Tuesday, October 7, 2008

The Next Generation of Storytelling: Podcast Novelists, Cellphone Stylists, and the "Twiller"

It's the future, ladies and gentleman, has been for several years now, and if more proof was needed, then Shaun Farrell writing over at Strange Horizons has offered it to us in the form of podcasting novelists. "Hundreds of authors have entered the podosphere," Shaun, a podcaster himself, writes, "as an avenue to an audience and perhaps professional publication. Their audio productions feature pro-level recording quality, tantalizing vocal performances, music, sound effects, and, in some cases, accompanying PDFs, images, and videos." Listenership is in the thousands for these novels, 4,000 in fact, tuned in for the initial installment of Mur Lafferty's, Playing for Keeps. For comparison sakes, in 2004, of the nearly million books tracked by Nielson Bookscan, only 25,000 sold more than 5,000 copies. Publishers have taken an interest, of course, in authors with such built-in audiences, and whether or not podcast novelists can become successful in the print market, is the major question of Shaun's article. It's fascinating stuff, full of fun new words like podiobooks and cool acronyms like ARG (Alternate Reality Games). Check it out.

Reading Shaun's article, got me to thinking about how technology changes the way we tell stories. In Japan, for instance, cellphone novels, called "keitai shousetsu," continue to rack up big sales. Originally texted in chapters of around 70 characters or less, these novels, republished in book form, accounted for 5 of the top ten bestselling books in Japan in 2007. Twitter, a microblogging application, of which yes I'm a part, has also become a distribution format for fiction. While readwriteweb wrote an article earlier in September saying they weren't, as of yet, big success stories, they still acknowledged that considering the success of such textual endeavors in Japan, and the growing popularity of Twitter, it's possible such fictional forms may catch on here. Something Matt Richtel must be counting on, considering he's twittering his latest thriller in real time: a twiller, as it were.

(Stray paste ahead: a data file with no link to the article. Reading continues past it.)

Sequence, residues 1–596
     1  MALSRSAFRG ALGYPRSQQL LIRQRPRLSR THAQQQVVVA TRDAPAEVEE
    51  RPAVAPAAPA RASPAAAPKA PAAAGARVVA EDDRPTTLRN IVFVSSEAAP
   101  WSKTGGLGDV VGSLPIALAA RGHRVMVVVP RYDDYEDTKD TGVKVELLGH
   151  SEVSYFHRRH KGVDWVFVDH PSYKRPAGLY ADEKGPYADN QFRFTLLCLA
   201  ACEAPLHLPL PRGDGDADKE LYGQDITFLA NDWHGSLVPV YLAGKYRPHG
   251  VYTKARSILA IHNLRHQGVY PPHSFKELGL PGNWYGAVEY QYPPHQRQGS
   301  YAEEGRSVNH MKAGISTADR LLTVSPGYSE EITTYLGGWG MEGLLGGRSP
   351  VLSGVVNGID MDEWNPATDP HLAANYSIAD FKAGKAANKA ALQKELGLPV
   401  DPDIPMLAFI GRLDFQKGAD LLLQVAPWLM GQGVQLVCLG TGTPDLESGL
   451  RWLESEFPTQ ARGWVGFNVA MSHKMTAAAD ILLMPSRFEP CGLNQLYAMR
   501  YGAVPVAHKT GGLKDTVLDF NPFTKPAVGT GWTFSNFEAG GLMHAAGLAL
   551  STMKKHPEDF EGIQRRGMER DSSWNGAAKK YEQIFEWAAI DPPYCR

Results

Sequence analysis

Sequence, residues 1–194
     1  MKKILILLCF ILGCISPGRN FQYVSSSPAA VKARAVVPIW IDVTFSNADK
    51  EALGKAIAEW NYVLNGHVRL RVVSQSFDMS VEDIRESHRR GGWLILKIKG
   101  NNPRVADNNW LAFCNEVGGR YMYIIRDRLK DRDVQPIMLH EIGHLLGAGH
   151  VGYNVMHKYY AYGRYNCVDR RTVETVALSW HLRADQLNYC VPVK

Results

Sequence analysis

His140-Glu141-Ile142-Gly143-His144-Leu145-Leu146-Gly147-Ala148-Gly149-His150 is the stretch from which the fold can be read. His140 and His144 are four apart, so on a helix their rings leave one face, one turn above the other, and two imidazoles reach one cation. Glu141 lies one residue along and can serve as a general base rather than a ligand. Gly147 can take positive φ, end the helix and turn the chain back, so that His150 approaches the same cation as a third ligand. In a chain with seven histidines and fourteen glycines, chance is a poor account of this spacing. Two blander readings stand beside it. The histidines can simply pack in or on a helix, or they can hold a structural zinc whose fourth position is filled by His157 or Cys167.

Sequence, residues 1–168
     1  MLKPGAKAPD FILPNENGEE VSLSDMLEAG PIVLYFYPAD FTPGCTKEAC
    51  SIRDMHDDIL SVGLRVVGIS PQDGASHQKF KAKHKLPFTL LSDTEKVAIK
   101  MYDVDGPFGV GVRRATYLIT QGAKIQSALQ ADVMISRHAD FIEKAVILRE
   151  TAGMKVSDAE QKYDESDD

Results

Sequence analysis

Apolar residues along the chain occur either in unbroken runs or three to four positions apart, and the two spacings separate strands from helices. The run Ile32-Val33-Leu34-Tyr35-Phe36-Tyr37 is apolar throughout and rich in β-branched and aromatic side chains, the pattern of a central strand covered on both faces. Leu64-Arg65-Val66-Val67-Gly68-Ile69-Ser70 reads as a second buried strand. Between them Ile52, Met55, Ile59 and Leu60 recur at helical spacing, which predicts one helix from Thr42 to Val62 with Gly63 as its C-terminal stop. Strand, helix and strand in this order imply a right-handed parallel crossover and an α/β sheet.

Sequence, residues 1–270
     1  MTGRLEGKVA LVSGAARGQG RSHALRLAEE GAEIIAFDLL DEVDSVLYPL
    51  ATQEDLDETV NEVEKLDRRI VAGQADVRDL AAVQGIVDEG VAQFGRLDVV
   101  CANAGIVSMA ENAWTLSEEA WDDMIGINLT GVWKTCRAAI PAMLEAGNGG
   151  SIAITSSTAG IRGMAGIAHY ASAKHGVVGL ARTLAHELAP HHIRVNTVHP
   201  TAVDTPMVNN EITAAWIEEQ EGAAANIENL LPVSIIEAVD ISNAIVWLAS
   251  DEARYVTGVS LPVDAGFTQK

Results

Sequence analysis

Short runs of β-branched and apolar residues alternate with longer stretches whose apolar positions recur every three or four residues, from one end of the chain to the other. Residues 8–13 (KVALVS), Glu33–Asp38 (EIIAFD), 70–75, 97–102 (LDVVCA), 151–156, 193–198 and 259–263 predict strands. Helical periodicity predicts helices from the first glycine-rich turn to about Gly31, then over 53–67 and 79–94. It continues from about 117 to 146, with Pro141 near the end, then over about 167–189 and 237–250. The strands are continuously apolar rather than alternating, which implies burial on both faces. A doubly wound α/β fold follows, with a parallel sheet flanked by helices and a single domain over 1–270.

Welcome to the future, readers.

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